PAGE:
35. 35. Routing Table Entries <ul><li>Routing or Forwarding </li></ul><ul><ul><li>The process of using a routing table to select a next-hop </li></ul></ul><ul><li>The mask field provides the network part of an address during lookup </li></ul><ul><li>Software computes the Boolean and of the mask and the datagram destination address </li></ul><ul><ul><li>if(( Mask [i] & D )== Destination[i] )forward to NextHop[i]; </li></ul></ul><ul><li>The destination address in the datagram header always refers to the ultimate address </li></ul><ul><li>Although the datagram is forwarded to another router, datagram header retains destination address. </li></ul>
  36. 36. Best-Effort Delivery <ul><li>IP is designed to operate over all types of network hardware </li></ul><ul><li>Uses the term best-effort to describe the service it offers </li></ul><ul><li>IP cannot handle the following problems </li></ul><ul><ul><li>Datagram duplication </li></ul></ul><ul><ul><li>Delayed of out-of-order delivery </li></ul></ul><ul><ul><li>Corruption of data </li></ul></ul><ul><ul><li>Datagram loss </li></ul></ul><ul><li>Additional layers of protocol software are needed to handle each of these errors </li></ul>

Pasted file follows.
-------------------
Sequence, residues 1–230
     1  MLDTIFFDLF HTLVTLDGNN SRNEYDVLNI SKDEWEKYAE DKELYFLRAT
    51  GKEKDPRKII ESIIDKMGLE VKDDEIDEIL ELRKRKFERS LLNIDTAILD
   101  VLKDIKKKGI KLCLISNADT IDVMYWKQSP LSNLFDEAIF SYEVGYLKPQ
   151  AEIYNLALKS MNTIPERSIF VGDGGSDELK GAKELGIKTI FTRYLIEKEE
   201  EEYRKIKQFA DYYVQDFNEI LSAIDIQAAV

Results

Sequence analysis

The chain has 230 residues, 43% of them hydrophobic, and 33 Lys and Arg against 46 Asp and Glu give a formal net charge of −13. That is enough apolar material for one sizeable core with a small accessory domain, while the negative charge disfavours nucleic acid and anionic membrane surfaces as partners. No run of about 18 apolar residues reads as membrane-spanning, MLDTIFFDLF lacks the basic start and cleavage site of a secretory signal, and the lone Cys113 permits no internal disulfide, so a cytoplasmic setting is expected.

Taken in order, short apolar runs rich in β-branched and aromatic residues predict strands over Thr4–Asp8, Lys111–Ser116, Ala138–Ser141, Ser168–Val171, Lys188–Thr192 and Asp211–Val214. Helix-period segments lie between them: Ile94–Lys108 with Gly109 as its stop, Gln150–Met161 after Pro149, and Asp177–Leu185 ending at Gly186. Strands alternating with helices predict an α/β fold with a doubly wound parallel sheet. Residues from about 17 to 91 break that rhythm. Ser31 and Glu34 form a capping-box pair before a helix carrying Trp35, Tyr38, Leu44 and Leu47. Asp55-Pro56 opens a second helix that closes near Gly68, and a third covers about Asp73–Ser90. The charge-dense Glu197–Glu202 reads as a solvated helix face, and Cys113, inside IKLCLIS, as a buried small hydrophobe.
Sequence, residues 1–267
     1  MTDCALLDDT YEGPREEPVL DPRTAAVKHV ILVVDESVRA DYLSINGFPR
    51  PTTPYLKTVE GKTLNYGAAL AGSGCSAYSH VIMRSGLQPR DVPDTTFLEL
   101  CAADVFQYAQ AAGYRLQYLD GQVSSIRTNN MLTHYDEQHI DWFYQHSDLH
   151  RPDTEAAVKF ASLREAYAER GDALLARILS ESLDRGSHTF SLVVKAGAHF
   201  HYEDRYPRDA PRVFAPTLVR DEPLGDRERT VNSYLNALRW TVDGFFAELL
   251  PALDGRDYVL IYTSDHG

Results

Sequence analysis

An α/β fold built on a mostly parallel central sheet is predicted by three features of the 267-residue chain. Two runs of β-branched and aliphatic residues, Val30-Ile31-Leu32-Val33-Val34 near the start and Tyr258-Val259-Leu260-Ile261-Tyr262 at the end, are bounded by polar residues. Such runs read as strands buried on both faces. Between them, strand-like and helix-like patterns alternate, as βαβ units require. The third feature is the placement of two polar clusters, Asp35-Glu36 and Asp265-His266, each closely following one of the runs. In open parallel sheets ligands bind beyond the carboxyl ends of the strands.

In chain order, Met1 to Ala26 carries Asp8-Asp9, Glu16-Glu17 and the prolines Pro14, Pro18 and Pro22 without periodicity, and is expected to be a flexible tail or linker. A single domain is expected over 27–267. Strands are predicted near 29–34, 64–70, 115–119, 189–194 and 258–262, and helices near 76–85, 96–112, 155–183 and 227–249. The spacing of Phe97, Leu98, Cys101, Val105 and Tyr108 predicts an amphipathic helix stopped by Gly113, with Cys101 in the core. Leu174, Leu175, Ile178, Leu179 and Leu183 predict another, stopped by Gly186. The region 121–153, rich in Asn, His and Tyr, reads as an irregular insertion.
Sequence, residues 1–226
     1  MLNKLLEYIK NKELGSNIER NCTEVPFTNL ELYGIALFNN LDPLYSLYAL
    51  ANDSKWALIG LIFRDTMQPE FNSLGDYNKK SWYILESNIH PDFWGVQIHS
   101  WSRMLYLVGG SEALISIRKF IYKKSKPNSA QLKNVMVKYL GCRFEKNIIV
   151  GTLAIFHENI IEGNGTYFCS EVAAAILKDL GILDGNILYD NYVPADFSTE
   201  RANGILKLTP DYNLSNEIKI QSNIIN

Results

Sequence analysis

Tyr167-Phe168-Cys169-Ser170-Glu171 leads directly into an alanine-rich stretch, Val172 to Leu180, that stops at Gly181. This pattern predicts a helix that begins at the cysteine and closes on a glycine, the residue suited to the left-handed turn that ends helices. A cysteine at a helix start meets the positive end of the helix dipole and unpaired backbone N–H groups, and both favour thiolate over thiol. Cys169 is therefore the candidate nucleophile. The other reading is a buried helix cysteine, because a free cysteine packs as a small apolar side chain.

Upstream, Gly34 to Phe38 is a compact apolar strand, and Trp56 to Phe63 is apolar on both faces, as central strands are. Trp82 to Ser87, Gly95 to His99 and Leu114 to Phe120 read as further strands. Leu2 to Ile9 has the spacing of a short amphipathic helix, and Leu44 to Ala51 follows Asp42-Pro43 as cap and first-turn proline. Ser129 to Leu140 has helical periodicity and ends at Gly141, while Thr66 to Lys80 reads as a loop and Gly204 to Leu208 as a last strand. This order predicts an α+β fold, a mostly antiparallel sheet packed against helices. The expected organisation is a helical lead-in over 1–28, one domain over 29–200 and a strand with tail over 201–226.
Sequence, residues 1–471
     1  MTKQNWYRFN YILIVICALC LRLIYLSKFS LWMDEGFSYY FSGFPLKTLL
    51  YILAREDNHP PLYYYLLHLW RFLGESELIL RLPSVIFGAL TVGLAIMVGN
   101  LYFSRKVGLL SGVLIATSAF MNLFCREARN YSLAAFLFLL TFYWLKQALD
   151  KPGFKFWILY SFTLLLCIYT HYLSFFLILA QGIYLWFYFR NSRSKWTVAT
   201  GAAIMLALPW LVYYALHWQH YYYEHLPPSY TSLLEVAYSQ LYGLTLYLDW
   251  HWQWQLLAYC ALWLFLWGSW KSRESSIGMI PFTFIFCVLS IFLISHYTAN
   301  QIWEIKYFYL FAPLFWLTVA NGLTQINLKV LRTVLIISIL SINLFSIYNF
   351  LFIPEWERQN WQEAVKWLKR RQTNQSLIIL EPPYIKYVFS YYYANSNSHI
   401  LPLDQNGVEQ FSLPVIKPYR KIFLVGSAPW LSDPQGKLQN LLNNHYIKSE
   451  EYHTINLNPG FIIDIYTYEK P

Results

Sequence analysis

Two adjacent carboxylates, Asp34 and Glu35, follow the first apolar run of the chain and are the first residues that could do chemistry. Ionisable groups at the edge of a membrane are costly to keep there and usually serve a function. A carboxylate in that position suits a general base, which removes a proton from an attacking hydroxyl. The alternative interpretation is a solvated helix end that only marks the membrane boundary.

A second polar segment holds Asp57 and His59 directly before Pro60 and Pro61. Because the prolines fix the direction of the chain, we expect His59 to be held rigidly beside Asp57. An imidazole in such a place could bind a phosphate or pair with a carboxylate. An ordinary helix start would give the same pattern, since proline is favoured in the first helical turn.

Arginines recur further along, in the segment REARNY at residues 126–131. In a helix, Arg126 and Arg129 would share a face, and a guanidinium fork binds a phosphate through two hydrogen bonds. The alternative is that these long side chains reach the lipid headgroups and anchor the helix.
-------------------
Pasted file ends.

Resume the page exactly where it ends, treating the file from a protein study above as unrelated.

37. 37. IP Datagram Header Format <ul><li>Each field in an IP datagram header has a fixed size </li></ul>VERS- IP version H.LEN- Header length
  38. 38. Datagram Transmission and Encapsulation <ul><li>Network hardware does not understand datagram format or Internet Addressing </li></ul><ul><li>Encapsulation </li></ul><ul><ul><li>The entire datagram is placed in the data area of the frame </li></ul></ul><ul><li>The destination address in the frame is the address of the next-hop </li></ul><ul><li>The address is obtained by translating the IP address to an equivalent hardware address </li></ul>